Biliary Tract Disease (Emergency Medicine)

by Sharon Bord, MD

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    00:01 Hi.

    00:02 We’re gonna be talking about biliary tract disease.

    00:05 We’re gonna go ahead and start out with a quick case and patient presentation.

    00:12 So a 41-year-old woman comes to the Emergency Department with a chief complain of right upper quadrant abdominal pain with associated nausea and vomiting.

    00:20 So first and foremost, what should you be thinking about here? So right upper quadrant pain is definitely concerning for disease of the liver or the gallbladder because that’s where the liver and the gallbladder exist in the abdomen.

    00:35 Concomitant or associated nausea and vomiting should definitely make you increasingly concern for a possible issue in the liver or the gallbladder.

    00:45 So let’s take a quick moment to just review the anatomy of the right upper quadrant.

    00:50 So the liver is a large structure in the right upper quadrant and the gallbladder is attached to the liver.

    00:58 What essentially happens is the liver secretes enzymes into the gallbladder or the gallbladder makes enzymes and those enzymes are then secreted into the common bile duct and the cystic duct, and those enter into the abdominal cavity into the intestines, and help and aid with digestion of food.

    01:20 So when you eat, essentially what happens is your gallbladder will contract after you eat and it will secrete those or release those digestive enzymes into the intestinal tract and when they’re released into the intestinal tract, they’ll help with digesting the food that you ingested.

    01:39 The pancreas also involved and located in that area, the pancreas is a little bit more centrally located but is connected to the liver and the gallbladder as well.

    01:51 So what are gallstones made of? What are these things made of that cause problems for lots of patients? The most common stones are cholesterol stones.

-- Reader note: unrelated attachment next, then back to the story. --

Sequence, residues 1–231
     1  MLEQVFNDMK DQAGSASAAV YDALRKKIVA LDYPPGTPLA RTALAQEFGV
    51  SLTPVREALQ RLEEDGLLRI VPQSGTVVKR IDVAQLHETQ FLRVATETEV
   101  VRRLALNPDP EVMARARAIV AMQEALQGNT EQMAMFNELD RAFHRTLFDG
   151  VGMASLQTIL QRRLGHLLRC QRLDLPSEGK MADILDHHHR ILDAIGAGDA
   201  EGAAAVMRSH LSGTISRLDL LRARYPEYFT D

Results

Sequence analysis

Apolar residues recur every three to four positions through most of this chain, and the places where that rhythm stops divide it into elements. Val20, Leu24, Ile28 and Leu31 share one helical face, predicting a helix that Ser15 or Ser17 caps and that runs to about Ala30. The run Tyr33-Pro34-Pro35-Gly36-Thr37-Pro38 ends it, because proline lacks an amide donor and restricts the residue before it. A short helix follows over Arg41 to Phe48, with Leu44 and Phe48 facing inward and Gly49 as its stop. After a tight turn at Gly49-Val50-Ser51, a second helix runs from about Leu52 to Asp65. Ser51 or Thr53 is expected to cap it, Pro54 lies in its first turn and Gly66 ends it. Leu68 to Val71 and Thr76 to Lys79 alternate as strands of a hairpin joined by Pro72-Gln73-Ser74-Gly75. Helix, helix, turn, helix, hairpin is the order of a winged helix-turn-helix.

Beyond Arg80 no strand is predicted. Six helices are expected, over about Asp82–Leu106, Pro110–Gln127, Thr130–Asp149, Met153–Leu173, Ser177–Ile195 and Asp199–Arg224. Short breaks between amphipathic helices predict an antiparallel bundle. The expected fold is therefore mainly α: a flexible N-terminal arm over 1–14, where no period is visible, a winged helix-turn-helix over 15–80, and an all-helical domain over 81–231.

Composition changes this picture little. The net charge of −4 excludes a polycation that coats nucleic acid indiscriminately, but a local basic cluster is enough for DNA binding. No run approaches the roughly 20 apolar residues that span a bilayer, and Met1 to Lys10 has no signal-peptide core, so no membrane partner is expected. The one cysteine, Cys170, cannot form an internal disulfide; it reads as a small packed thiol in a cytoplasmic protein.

02:02 Cholesterol stones are due to increased cholesterol and bile or decreased bile acid.

    02:08 Cholesterol stones are associated with the four F’s, the four F’s of gallbladder disease are fat, forty, female, and fertile.

    02:17 So those are the four things that you wanna think about.

    02:19 Now, it’s not all patients that are gonna be in these four F’s kind of a category.

    02:24 So you wanna think about it in other patients as well, but that’s the classic presentation or the classic risk factors that we think about.

    02:34 Other risk factors associated with cholesterol stone development are rapid weight loss, a family history of gallstones, and then also oral contraceptive use.

    02:44 Pigment stones are somewhat less common.

    02:47 They’re related to a high concentration of calcium bilirubinate or related to infection.

    02:53 So most commonly related to a parasitic infection.

    02:56 The interesting thing about pigment stones is they can be seen sometimes on plain film x-ray if they contain greater than 4% calcium.

    03:04 So that can be a helpful or interesting diagnostic thing to see if your patient happens to get a plain film x-ray of their abdomen, you may be able to see these stones.

    About the Lecture

    The lecture Biliary Tract Disease (Emergency Medicine) by Sharon Bord, MD is from the course Abdominal and Genitourinary Emergencies. It contains the following chapters:

    • Biliary Tract Disease
    • Gallstones

    Included Quiz Questions

    1. Cholesterol stones
    2. Calcium stones
    3. Struvite stones
    4. Uric acid stones
    5. Oxalate stones
    1. Calcium
    2. Bilirubinate
    3. Cholesterol
    4. Oxalate
    5. Palmitate

    Author of lecture Biliary Tract Disease (Emergency Medicine)

     Sharon Bord, MD

    Sharon Bord, MD

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